14. 14

    Okada, K., Iida, T., Kita-Tsukamoto, K. & Honda, T. Vibrios commonly possess two chromosomes. J. Bacteriol. 187, 752?757 (2005).

  15. 15

    Trucksis, M., Michalski, J., Deng, Y. K. & Kaper, J. B. The Vibrio cholerae genome contains two unique circular chromosomes. Proc. Natl Acad. Sci. USA 95, 14464?14469 (1998).

  16. 16

    Campanaro, S. et al. Laterally transferred elements and high pressure adaptation in Photobacterium profundum strains. BMC Genomics 6, 122 (2005).

  17. 17

    Schoolnik, G. K. & Yildiz, F. H. The complete genome sequence of Vibrio cholerae: a tale of two chromosomes and of two lifestyles. Genome Biol. 1, R1?R3 (2000).

  18. 18

    Xu, Q., Dziejman, M. & Mekalanos, J. J. Determination of the transcriptome of Vibrio cholerae during intraintestinal growth and midexponential phase in vitro. Proc. Natl Acad. Sci. USA 100, 1286?1291 (2003).

  19. 19

    Egan, E. S. & Waldor, M. K. Distinct replication requirements for the two Vibrio cholerae chromosomes. Cell 114, 521?530 (2003).

  20. 20

    Egan, E. S., Lobner-Olesen, A. & Waldor, M. K. Synchronous replication initiation of the two Vibrio cholerae chromosomes. Curr. Biol. 14, R501?R502 (2004).

  21. 21

    Abbott, J. C., Aanensen, D. M., Rutherford, K., Butcher, S. & Spratt, B. G. WebACT? an online companion for the Artemis Comparison Tool. Bioinformatics 21, 3665?3666 (2005).

  22. 22

    Hallin, P. F. & Ussery, D. W. CBS genome atlas database: a dynamic storage for bioinformatic results and sequence data. Bioinformatics 20, 3682?3686 (2004).

  23. 23

    Eberhard, A. et al. Structural identification of autoinducer of Photobacterium fischeri luciferase. Biochemistry 20, 2444?2449 (1981).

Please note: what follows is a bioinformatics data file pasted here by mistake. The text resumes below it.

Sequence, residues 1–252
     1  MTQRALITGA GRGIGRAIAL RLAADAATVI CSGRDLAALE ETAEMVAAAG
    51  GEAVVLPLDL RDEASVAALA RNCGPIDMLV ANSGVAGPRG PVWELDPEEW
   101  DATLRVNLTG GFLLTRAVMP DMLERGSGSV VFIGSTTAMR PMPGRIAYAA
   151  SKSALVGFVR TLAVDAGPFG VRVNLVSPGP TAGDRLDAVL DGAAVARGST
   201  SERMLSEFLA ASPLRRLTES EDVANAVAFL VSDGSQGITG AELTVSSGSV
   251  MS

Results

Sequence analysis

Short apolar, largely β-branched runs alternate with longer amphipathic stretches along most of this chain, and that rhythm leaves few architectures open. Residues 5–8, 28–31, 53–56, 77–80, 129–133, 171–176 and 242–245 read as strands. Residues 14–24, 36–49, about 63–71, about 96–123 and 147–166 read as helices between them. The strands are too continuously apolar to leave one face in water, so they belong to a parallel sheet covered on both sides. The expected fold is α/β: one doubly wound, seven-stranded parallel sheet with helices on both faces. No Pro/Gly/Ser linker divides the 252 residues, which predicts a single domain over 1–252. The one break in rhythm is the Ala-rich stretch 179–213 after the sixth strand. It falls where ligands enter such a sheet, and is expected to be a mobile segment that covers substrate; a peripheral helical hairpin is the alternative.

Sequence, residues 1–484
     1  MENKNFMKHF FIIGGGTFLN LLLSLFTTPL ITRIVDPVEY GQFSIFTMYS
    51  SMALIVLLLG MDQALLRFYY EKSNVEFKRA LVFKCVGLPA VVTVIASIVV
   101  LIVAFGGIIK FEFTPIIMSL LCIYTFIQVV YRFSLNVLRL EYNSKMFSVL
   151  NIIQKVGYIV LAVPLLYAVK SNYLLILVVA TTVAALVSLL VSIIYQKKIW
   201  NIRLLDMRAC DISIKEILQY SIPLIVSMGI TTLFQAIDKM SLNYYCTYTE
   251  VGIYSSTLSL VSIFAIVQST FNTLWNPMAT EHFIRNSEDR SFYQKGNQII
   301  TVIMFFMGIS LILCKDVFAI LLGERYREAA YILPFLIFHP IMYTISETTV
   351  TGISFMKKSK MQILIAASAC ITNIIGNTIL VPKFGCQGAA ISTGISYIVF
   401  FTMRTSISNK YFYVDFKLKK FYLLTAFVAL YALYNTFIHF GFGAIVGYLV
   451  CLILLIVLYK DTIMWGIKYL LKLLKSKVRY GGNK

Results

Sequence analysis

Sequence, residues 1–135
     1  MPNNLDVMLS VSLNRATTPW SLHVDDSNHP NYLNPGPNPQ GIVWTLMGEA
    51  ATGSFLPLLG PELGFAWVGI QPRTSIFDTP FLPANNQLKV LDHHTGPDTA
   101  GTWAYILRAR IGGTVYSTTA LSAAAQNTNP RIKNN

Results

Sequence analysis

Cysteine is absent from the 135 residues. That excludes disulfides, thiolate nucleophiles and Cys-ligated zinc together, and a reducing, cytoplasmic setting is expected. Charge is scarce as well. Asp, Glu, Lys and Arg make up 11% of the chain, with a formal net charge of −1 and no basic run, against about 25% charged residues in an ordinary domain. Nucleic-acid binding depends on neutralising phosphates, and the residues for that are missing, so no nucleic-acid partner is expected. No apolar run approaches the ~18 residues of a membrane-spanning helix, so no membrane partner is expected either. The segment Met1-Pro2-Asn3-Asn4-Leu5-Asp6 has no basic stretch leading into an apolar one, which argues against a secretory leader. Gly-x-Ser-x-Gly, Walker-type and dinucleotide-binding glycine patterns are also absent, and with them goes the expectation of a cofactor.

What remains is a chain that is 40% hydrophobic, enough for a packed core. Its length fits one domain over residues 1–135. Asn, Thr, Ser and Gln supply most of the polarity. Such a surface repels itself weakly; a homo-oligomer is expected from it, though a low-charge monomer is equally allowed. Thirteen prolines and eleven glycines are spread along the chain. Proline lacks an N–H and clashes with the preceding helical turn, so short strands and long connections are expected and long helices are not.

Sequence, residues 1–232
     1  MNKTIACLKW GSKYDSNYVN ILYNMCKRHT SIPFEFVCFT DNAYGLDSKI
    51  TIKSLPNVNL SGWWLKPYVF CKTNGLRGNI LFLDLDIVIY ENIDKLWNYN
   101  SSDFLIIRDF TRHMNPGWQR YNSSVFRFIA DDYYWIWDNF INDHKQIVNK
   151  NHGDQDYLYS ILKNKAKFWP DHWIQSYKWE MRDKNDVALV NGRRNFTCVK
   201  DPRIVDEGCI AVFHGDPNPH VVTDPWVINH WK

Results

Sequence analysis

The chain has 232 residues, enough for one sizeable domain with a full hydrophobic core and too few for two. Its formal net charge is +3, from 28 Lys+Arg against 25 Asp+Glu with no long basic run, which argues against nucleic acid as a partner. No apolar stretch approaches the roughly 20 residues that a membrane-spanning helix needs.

24. 24

    Milton, D. L. Quorum sensing in vibrios: complexity for diversification. Int. J. Med. Microbiol. 296, 61?71 (2006).

  25. 25

    Lupp, C. & Ruby, E. G. Vibrio fischeri uses two quorum-sensing systems for the regulation of early and late colonization factors. J. Bacteriol. 187, 3620?3629 (2005).

  26. 26

    Henke, J. M. & Bassler, B. L. Three parallel quorum-sensing systems regulate gene expression in Vibrio harveyi. J. Bacteriol. 186, 6902?6914 (2004).

  27. 27

    Hammer, B. K. & Bassler, B. L. Quorum sensing controls biofilm formation in Vibrio cholerae. Mol. Microbiol. 50, 101?104 (2003).

  28. 28

    McDougald, D. et al. Defences against oxidative stress during starvation in bacteria. Antonie Van Leeuwenhoek 81, 3?13 (2002).

  29. 29

    McDougald, D., Rice, S. A. & Kjelleberg, S. SmcR-dependent regulation of adaptive phenotypes in Vibrio vulnificus. J. Bacteriol. 183, 758?762 (2001).

  30. 30

    Yildiz, F. H., Liu, X. S., Heydorn, A. & Schoolnik, G. K. Molecular analysis of rugosity in a Vibrio cholerae O1 El Tor phase variant. Mol. Microbiol. 53, 497?515 (2004).

  31. 31